Fear Takes Control After Months Of Hope-Fueled Trading
After months of hope-fueled trading, fear seems to be taking back control of the price action as equity and energy markets both face selling pressure this morning sparked by new COVID outbreaks and their accompanying lockdowns.
The charts look treacherous for petroleum contracts, with a drop to the $52 range for WTI – which would mean another 15-20 cents of downside for refined products – looking likely if prices settle below last week’s low trades.
The irony of this sell-off is it’s coming at a time when supplies for the Atlantic coast, which is home to the Nymex delivery hub for RBOB and ULSD futures contracts, is facing multiple supply disruptions from unrelated pipeline issues. Buckeye’s line in New York still remains down after last week’s spill, and Colonial’s line into New Jersey is running at reduced rates due to a lack of push stock from the Gulf Coast, causing premiums for offline barrels in the region to soar.
After a big selloff last week, RIN prices made a strong recovery Monday rallying by nearly 10 cents for both D6 and D4 values. That bounce means the trend that’s added more than $1/RIN since August is still alive and well. That said, RINs will face a big test today as the drop in petroleum prices will tend to put downward pressure on those values as the relative value for imports and exports will change with the spread between products.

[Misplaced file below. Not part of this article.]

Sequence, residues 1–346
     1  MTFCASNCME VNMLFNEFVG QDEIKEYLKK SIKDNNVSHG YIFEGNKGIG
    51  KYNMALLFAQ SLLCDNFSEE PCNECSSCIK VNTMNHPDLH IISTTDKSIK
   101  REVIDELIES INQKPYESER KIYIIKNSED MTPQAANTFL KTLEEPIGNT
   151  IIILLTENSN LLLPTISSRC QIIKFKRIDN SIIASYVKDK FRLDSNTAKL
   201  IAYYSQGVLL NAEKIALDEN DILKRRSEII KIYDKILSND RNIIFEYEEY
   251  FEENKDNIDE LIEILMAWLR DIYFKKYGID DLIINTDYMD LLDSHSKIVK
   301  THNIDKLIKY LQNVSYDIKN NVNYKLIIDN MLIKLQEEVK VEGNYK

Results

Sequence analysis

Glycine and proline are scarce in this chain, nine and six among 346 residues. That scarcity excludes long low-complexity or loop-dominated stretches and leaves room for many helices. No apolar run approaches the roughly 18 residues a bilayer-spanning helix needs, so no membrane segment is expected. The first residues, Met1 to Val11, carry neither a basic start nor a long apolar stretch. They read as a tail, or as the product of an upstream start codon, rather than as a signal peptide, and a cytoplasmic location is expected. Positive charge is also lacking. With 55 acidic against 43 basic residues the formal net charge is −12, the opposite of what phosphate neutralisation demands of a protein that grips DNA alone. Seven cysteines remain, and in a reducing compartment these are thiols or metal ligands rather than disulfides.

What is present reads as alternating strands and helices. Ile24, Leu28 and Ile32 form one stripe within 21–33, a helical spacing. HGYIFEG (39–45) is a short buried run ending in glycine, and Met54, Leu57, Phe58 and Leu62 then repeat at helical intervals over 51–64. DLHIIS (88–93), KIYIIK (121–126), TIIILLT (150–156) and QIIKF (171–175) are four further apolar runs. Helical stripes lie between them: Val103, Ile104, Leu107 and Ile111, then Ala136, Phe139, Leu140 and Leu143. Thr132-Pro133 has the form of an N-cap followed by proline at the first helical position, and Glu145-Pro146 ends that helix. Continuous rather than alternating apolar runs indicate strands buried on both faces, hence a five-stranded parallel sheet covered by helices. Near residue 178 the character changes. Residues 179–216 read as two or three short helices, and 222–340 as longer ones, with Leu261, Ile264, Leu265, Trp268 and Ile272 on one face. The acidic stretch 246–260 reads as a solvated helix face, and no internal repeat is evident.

Oil industry executives joined a virtual meeting with the President Monday and supported an plan to put a price on carbon emissions as a way to combat climate change. There’s still no clear plan for what that might look like, but a priority for the industry is to push towards a unified market, rather than the segmented requirements that are popping up now around the world. Speaking of which, the fledgling RGGI program attempting to band North East States together in a climate pact to reduce emissions from the power sector saw prices for its CO2 credits reach a new high in March according to a new EIA report.